Q: Out of order document

Discussion in 'XML' started by G. Ralph Kuntz, MD, MS, Feb 14, 2008.

  1. How do people deal with out-of-order document? Let me clarify.

    Let's say we have an input document having the following format:

    <document>
    section 1
    section 2
    section 3
    </document>

    we want the resulting output document to have the structure

    <document>
    section 3
    section 2
    section 1
    </document>

    Since the xsl template matching will match section 1, then section 2,
    etc. how do we get the output into the format we want?

    Do you use param(s) to store intermediate values?

    Thanks, Ralph
    G. Ralph Kuntz, MD, MS, Feb 14, 2008
    #1
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  2. G. Ralph Kuntz, MD, MS schrieb:
    > How do people deal with out-of-order document? Let me clarify.
    >
    > Let's say we have an input document having the following format:
    >
    > <document>
    > section 1
    > section 2
    > section 3
    > </document>
    >
    > we want the resulting output document to have the structure
    >
    > <document>
    > section 3
    > section 2
    > section 1
    > </document>
    >
    > Since the xsl template matching will match section 1, then section 2,
    > etc. how do we get the output into the format we want?


    xsl:sort?
    --
    Johannes Koch
    In te domine speravi; non confundar in aeternum.
    (Te Deum, 4th cent.)
    Johannes Koch, Feb 14, 2008
    #2
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  3. G. Ralph Kuntz, MD, MS wrote:
    > How do people deal with out-of-order document? Let me clarify.
    >
    > Let's say we have an input document having the following format:
    >
    > <document>
    > section 1
    > section 2
    > section 3
    > </document>
    >
    > we want the resulting output document to have the structure
    >
    > <document>
    > section 3
    > section 2
    > section 1
    > </document>
    >
    > Since the xsl template matching will match section 1, then section 2,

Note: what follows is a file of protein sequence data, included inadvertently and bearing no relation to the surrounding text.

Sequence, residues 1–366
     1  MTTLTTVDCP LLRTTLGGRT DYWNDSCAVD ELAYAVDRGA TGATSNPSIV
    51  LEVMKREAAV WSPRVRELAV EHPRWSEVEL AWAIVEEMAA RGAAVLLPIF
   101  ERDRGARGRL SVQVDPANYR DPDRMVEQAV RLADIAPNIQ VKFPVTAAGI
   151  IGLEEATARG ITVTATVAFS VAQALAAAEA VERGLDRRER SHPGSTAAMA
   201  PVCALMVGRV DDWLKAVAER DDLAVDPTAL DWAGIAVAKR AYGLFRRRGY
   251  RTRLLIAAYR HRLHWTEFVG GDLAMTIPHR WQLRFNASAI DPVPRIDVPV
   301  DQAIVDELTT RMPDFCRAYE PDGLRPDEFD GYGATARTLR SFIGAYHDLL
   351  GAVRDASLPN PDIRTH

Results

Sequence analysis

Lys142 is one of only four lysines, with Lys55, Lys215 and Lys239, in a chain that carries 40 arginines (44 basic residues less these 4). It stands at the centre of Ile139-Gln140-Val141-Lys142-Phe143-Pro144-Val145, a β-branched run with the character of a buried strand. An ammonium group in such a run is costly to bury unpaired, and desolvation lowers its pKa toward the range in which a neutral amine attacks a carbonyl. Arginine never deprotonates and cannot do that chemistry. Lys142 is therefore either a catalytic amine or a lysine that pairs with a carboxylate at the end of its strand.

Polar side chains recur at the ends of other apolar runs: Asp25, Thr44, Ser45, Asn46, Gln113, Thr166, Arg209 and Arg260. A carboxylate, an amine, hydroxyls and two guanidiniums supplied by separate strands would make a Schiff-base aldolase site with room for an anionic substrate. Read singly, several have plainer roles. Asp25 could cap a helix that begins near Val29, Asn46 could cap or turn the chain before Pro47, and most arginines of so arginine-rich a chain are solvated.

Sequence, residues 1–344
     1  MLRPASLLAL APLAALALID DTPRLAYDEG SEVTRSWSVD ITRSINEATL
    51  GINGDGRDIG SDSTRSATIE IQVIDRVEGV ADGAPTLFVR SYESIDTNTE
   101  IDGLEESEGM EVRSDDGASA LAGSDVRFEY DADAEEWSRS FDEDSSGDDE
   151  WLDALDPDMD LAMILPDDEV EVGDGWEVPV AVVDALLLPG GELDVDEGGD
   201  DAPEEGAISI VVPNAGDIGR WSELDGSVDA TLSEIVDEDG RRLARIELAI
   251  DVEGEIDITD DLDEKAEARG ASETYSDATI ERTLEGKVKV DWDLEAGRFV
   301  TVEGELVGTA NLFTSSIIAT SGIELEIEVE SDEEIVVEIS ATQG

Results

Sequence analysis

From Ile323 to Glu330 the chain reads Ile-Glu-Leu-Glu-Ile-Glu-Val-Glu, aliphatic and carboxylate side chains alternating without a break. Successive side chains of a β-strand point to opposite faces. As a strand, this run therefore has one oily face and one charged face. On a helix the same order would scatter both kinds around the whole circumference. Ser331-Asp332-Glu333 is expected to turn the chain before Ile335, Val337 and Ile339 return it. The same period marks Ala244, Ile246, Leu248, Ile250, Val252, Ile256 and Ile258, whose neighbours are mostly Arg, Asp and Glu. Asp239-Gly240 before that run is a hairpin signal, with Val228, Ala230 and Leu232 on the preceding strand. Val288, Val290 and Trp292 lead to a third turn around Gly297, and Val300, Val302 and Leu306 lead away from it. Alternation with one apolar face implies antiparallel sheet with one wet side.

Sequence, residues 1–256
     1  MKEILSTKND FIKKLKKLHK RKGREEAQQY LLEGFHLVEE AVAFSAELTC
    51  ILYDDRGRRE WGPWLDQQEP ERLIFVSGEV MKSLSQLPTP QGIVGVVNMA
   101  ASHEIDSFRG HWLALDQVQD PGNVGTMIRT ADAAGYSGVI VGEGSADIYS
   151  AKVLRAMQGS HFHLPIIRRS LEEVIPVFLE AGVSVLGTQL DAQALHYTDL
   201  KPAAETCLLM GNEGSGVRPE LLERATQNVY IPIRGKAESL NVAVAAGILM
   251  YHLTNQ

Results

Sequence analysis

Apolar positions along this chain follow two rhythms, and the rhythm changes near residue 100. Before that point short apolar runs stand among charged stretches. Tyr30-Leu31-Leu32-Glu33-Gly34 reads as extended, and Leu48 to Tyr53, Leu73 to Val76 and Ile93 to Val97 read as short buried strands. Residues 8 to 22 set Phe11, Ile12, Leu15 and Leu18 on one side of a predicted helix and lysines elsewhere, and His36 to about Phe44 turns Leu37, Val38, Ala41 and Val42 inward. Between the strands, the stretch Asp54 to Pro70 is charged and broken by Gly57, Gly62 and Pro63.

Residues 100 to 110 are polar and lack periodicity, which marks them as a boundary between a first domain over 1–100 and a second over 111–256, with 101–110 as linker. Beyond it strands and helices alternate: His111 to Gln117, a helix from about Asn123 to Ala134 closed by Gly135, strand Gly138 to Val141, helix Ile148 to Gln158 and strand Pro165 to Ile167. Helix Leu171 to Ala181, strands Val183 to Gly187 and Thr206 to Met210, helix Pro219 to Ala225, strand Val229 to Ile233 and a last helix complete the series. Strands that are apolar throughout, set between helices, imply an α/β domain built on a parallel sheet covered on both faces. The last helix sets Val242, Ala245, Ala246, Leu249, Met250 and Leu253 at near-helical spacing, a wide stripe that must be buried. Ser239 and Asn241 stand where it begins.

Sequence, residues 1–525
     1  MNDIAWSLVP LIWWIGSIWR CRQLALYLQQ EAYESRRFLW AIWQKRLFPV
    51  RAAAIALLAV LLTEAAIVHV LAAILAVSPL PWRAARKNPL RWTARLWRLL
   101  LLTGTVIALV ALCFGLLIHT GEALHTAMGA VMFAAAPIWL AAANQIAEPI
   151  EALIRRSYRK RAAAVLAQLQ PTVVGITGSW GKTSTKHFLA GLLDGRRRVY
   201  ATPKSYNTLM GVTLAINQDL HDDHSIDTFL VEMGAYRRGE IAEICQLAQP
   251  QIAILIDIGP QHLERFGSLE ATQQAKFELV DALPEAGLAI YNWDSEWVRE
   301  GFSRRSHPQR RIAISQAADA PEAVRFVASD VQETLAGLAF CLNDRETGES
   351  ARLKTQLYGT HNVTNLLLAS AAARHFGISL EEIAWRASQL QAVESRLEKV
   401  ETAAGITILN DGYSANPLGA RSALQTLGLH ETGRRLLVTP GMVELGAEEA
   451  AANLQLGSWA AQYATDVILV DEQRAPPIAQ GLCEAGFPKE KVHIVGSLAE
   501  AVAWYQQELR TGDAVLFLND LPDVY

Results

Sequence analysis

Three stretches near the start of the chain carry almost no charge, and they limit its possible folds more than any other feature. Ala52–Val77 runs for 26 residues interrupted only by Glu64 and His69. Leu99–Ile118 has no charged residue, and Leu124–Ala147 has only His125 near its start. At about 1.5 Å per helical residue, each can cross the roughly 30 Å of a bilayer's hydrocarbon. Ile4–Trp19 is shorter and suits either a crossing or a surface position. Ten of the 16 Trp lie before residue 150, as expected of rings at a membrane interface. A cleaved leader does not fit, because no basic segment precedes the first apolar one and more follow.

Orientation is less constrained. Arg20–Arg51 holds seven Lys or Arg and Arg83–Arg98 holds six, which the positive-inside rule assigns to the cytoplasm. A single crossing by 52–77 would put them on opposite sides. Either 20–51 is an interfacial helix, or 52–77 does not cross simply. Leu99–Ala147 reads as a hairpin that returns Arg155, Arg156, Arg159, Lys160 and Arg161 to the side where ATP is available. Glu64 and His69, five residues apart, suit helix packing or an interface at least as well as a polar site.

> etc. how do we get the output into the format we want?


    Here is an example, assuming the document element has section child
    elements like this

    <document>
    <section>section 1</section>
    <section>section 2</section>
    <section>section 3</section>
    </document>

    then you can process them and sort in descending order

    <xsl:stylesheet
    xmlns:xsl="http://www.w3.org/1999/XSL/Transform"
    version="1.0">

    <xsl:eek:utput method="xml" indent="yes"/>

    <xsl:template match="document">
    <xsl:copy>
    <xsl:apply-templates select="section">
    <xsl:sort select="position()" order="descending"
    data-type="number"/>
    </xsl:apply-templates>
    </xsl:copy>
    </xsl:template>

    <xsl:template match="@* | node()">
    <xsl:copy>
    <xsl:apply-templates select="@* | node()"/>
    </xsl:copy>
    </xsl:template>

    </xsl:stylesheet>

    to reverse the original order.



    --

    Martin Honnen
    http://JavaScript.FAQTs.com/
    Martin Honnen, Feb 14, 2008
    #3
  4. Do you really mean the "section" lines to be raw text, as you've shown
    them? If so, you need to do that with string processing, which is
    possible but somewhat awkward in XSLT.

    If they have XML structure, then as others have said you can use
    sorting... or, if you know the expected sections in advance, you can
    simply have the template for <document> explicitly process them in a
    specific order by using more specific apply-template selections.

    --
    Joe Kesselman / Beware the fury of a patient man. -- John Dryden
    Joseph Kesselman, Feb 14, 2008
    #4
  5. I meant xml sub-sections. I found the answer. I did not know that
    <xsl:apply-templates> could take an argument.

    Thanks.
    G. Ralph Kuntz, MD, MS, Feb 14, 2008
    #5
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